Library introduces Native American literature for children

Tataviam and Chumash Elder Dennis Garcia holds up a pair of Chumash rattles at the Yawáyro: Indigenous Awareness and Literacy Development program at the Old Town Newhall Library Tuesday night. Cory RUbin/The Signal
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The Santa Clarita Library has launched its new program: Yawáyro: Indigenous Awareness and Literacy Development, introducing Native American heritage and culture into children’s literature at the library. 

Children, parents and Native American guests filled the Old Town Newhall Library on Tuesday to hear Dennis Garcia, Tataviam and Chumash elder, speak about his heritage and how he did not always have the opportunity to practice his culture. 

“I was raised Catholic, and I always knew who I was through my grandmother, but I did not live the culture until my adulthood,” said Garcia. “Unfortunately, prejudice and discrimination did not allow my grandparents or parents to live their culture. Once it became available to me, I became part of it.” 

Garcia began living his culture when he was 40 years old, and has been practicing it ever since. He shared important instruments and tools from his culture with the crowd and even performed a sacred dance.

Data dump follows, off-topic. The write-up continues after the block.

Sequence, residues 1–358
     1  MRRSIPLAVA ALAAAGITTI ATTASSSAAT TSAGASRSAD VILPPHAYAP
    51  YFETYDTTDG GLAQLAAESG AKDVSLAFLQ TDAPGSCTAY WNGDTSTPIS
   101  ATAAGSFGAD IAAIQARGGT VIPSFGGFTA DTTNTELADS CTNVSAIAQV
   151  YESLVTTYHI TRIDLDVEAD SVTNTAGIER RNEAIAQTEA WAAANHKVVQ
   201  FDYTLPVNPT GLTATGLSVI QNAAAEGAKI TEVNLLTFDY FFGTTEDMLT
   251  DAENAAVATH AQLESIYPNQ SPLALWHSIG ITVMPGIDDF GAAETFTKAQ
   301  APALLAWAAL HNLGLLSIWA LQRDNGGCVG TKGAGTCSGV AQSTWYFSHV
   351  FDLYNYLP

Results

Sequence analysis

The new books representing Native American heritage are organized into kits that will be circulated throughout libraries in Santa Clarita. The kits include books, additional information and discussion questions to reflect on the material. 

“Through the Yawáyro book kits, the city and the Santa Clarita Public Library hope to bring awareness to Native American cultures, promote literacy and celebrate the diversity in the Santa Clarita community,” according to a Santa Clarita news release. 

Throughout the event, children were able to participate in different crafts like decorating pumpkins and cut-outs of hands with jewels and markers. 
“I think it is important for any kid growing up to be able to see themselves in books, movies, print and wherever they can,” said Elizabeth Purdy, children’s librarian at Santa Clarita Public Library. “Also, for the population that is not indigenous, they have the opportunity to learn and have a fuller picture of the Native American experience.”

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